If you really want to set someone off during an argument, just try telling them to calm down.
As anyone who’s delivered these words knows, this particular phrase rarely has its intended effect. Instead, expressions like “calm down” or “chill out!” are likely to cause the other person to get even angrier, more frustrated and more upset, especially when emotions are already running high.
Similar to annoying mid-fight behaviors like eye rolling, groaning and stonewalling, certain words can instantly turn a productive argument into an unproductive scream-fest.
Below, therapists reveal the seven phrases you should never utter during an argument with a partner, friend, family member or pretty much anyone, for that matter.
1. “You never…” or “You always…”
“These all-or-nothing phrases are typically exaggerations and used to illustrate a point or elicit an emotional response. However, these statements are often inaccurate (e.g., ’You never listen to me!’) and can set your partner up to become defensive. As a result, they’ll likely miss the true message of what you are trying to say and will instead focus on proving you wrong, leading to a circular conversation or argument that goes nowhere.
“Instead, be specific and objective about what is bothering you, use an ‘I’ statement, and stick to the facts. For example, ‘I felt hurt and disregarded yesterday when I asked you to pick up your things before our company arrived and you didn’t. Next time we have guests, I’d really appreciate the help.’” ― Tara Griffith, marriage and family therapist and the founder of Wellspace SF
2. “You’re acting just like your mother.”
“Or brother, crazy best friend or drunk uncle, etc. This move dismisses whatever issue is on the table and goes straight for character assassination. The strategy here: If you’re losing the argument, kill your opponent. Yes, you may well act like your mother, but that’s not the point.” ― Winifred M. Reilly, marriage and family therapist and author of It Takes One to Tango.
3. “I’ll talk to you when you can be rational.”
“This is hardly a rational statement. It’s meant to inflict emotional injury rather than ask for a timeout. When arguments get heated, a timeout to let the cortisol and adrenaline settle (for about 20 minutes) is a good idea. Identify the chemical cause: ‘We’re getting too elevated -– I know I am. It’s that damn cortisol and adrenaline! Let’s take 20 minutes so we can talk respectfully like we want and deserve.’” ― Steven Stosny, psychologist and author of Love Without Hurt
4. “We’re done! I’m out of here!”
“Words do matter. Avoid saying things you’ll regret later. Threatening abandonment is probably the most hurtful thing you can say or do to your partner, especially if you really don’t mean it. It’s one thing to want to take a breather, get some space and cool down. It’s another to basically say, ‘I don’t love you anymore and am leaving.’ The sting of those trust-destroying words hurts to the core and you can never take them back.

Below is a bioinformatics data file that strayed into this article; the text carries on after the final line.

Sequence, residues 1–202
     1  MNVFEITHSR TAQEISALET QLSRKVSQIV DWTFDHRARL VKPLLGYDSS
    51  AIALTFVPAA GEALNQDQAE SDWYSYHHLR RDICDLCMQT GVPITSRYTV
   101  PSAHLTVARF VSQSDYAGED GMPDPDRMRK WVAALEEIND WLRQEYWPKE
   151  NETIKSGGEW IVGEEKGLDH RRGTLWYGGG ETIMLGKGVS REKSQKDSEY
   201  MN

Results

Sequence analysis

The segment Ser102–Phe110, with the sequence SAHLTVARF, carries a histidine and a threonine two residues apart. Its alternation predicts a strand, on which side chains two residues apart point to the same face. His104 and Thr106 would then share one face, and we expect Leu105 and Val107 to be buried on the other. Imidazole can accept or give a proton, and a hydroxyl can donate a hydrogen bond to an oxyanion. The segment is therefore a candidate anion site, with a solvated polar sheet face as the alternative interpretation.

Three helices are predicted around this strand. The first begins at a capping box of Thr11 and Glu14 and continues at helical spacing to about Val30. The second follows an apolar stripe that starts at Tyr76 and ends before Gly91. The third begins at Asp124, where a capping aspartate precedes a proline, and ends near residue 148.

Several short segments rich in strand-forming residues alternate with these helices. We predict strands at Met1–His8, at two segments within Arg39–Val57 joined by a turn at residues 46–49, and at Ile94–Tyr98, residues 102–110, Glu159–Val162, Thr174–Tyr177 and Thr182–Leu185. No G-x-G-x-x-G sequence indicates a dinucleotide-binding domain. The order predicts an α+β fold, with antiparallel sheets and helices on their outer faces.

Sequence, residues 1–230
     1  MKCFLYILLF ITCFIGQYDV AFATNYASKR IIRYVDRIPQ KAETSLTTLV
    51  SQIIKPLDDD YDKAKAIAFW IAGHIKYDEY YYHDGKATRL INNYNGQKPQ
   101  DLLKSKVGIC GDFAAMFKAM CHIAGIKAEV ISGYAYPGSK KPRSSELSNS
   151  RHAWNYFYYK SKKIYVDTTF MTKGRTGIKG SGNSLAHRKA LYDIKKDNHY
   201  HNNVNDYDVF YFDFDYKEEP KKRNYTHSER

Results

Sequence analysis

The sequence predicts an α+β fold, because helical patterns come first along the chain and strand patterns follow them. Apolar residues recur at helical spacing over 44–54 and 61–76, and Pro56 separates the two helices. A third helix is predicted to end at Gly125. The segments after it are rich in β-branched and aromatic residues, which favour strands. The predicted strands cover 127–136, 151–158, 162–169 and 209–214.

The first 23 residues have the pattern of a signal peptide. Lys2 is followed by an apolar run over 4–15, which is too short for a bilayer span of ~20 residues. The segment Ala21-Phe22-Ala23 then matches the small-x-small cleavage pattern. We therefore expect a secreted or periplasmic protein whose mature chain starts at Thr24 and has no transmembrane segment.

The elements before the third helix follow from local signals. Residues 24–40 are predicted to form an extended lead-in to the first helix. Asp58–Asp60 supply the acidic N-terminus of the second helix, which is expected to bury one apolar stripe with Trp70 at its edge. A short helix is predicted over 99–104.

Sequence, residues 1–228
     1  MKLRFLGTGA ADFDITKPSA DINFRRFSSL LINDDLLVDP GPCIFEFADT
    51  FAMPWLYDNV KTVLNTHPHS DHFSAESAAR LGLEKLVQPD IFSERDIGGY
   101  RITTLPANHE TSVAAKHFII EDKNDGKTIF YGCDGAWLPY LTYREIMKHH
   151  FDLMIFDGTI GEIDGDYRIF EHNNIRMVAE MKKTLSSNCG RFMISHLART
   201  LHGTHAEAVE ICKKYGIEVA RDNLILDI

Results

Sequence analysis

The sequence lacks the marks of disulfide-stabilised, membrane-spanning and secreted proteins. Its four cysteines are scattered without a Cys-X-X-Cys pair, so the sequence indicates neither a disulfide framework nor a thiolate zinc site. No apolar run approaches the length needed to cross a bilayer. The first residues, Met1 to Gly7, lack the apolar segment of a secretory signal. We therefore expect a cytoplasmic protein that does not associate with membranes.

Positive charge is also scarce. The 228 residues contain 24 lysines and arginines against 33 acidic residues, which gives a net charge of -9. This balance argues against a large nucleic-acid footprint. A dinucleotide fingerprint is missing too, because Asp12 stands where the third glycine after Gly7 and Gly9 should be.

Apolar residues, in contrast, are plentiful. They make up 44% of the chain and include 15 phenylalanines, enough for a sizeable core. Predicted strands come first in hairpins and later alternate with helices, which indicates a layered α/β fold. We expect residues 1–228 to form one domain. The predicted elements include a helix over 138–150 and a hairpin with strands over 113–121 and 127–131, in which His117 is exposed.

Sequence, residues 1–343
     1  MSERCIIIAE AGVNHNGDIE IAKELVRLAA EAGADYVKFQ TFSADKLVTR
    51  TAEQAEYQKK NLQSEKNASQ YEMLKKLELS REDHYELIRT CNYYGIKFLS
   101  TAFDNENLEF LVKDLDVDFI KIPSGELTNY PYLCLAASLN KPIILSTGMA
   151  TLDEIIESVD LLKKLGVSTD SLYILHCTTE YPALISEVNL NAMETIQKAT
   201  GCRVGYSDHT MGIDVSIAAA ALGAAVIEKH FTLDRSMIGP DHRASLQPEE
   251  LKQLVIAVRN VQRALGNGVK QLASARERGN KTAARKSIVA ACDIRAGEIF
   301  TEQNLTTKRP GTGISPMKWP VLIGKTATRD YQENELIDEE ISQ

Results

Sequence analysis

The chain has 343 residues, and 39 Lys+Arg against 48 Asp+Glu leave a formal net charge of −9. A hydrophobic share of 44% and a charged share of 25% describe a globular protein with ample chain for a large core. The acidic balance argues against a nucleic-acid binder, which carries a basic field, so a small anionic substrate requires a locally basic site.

“Instead of shouting out, take a timeout to calm, center and restore your balance. Make a promise to return at a designated time.” ― Sheri Meyers, marriage and family therapist and author of Chatting or Cheating: How to Detect Infidelity, Rebuild Love and Affair-Proof Your Relationship
5. “You’re such a @#$%&!”
“There is nothing constructive about name-calling or using any type of degrading or derogatory language. These types of insults are often used as a way to express anger and make the other person feel bad, but they will not lead to any type of conflict resolution. Alternatively, they could lead to counterattacks, damage relationships and cause you to feel guilty on top of the negative emotions you already feel. Try to focus on the specific issue or how the person’s actions made you feel, rather than attacking the person.” ― Gina Delucca, clinical psychologist at Wellspace SF
6. “Why are you making such a big deal over nothing?”
“This zinger implies that the upset person has no grounds for their upset. In most instances, this will only throw gasoline onto the fire, since when upset, what we want is to be listened to and understood, not told we’re off-the-wall ridiculous or overreacting. A better move is to ask, ‘Why are you so upset by this?’” ― Reilly
7. “Not this again! Can’t you just drop it and move on?”
“Anything that sends the message that your partner’s viewpoint isn’t valid or their reaction is wrong in the form of, ‘That’s ridiculous,’ ‘You’re just being crazy,’ ‘Calm down, you’re overreacting’ or ‘Oh no, here we go again’ (eye roll and heavy sigh included) is really saying to your partner, ‘Something is wrong with you, I don’t respect what you have to say and I’m not willing to listen, communicate or change.’
“Yes, fighting is stressful. And it’s totally understandable that you may want to avoid another fight by cutting it off at the pass, but using these words is a surefire way to turn an argument from bad to worse. Instead, lean in and be interested. Acknowledge your partner by saying, ‘Tell me more about how you feel and why you are so upset. I want to understand. Let’s try to figure this out together. We are a team.’” ― Meyers